Often the entire participation of the people who have gathered is no more than watching, saying a few lines perhaps of some responsive reading, if that is part of it at all, singing along at some songs, and then bowing their heads and being quiet for most of the time. 

Sometimes it even seems like someone will be performing a special song or the preacher is preaching a sermon, and there are many people who are not only spectators but seem to see themselves as judges. I have been in meetings before where I almost expected, after the song was finished, that people around me would break out cards with numbers on them — 6.6, 5.8, 4.4 — you know, rate the song or rate the sermon. Obviously, when we think along these lines of just watching worship or worship as a spectator event, we are far removed from the biblical understandings. 

Old Testament participatory worship


In the Old Testament, of course, worship was very participatory: the worshiper bringing sacrifices to be offered to God, the worshiper offering tithes of all their harvest. Even in their gatherings of worship, if you will read through the Jewish hymnal, the Bible hymnal of the Psalms, undoubtedly many of the Psalms were sung and said responsively, a leader and a response, a leader and a response. Worship was very participatory. 

And, by the way, in the Old Testament if the worship gatherings became noisy and raucous events it was not because of amplification, it was because of the participation of the whole assembly. Often I think those gatherings were noisy and loud and lively events of worship as the people praised God, but the loudness, the volume, was the function of a worshiping community not of a worshiping few.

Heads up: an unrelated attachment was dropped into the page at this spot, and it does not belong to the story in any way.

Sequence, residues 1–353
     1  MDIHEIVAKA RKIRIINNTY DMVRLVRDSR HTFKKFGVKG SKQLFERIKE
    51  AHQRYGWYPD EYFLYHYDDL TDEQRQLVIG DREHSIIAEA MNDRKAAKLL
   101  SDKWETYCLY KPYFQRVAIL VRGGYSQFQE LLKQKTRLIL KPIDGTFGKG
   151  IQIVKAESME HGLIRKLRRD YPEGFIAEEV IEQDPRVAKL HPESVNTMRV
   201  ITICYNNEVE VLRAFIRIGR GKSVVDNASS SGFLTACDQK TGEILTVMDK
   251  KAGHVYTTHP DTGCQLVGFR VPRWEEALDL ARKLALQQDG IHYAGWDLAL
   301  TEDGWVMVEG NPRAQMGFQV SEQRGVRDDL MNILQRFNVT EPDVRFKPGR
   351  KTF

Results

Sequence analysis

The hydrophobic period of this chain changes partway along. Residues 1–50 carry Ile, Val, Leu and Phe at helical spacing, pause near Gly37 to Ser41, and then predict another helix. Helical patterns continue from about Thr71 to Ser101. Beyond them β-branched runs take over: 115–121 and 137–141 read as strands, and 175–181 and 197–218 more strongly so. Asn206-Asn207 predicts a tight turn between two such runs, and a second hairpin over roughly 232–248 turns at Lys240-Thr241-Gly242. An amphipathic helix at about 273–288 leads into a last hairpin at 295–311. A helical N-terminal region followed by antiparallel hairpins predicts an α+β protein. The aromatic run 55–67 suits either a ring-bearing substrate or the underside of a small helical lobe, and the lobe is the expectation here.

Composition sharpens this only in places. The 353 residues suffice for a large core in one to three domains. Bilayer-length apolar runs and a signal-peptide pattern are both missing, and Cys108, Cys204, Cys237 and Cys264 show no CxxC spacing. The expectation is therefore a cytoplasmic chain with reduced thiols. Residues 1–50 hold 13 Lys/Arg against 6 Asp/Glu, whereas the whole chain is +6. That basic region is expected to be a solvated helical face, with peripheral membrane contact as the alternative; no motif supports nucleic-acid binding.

Theology of amplification

We really have to think about our theology of amplification today; there will be an implication for us to return to. We are the first few generations now, over the last few decades, who have ever wrestled with the implications of amplifying our praises and our preaching. In Judeo-Christian history, worshipers in Jewish and Christian traditions for centuries did not have the music amplified, for good or for ill, as you see it. 

But one of the problem areas that I do not think we have attended to enough, thought about enough theologically, is what do we do with new technology when it presents itself to us. Do we simply pick it up and embrace it in uncritical ways or do we wrestle with some of the implications of it? 

One of my concerns on the area of amplification is that now, in many churches, you have these very gifted, talented few who are up front with their voices and their instruments, they are mic’ed and they are amplified, and there is a disincentive to many in the congregation to sing. 

I have been in many services where I could not hear myself sing if I wanted to. I cannot hear my neighbor sing. All I can hear are the chosen few with the amplifiers singing for us. This is a tough one, a difficult one, but the fine line that praise music leaders need to learn to walk is to use their amplification just enough to help the community worship, but not so much that they usurp the role of the community as worshipers. They are not to take the place of a community in worship but to assist the community to worship. We will return to this thought more. 

New Testament Participatory Worship

1 Corinthians 14:26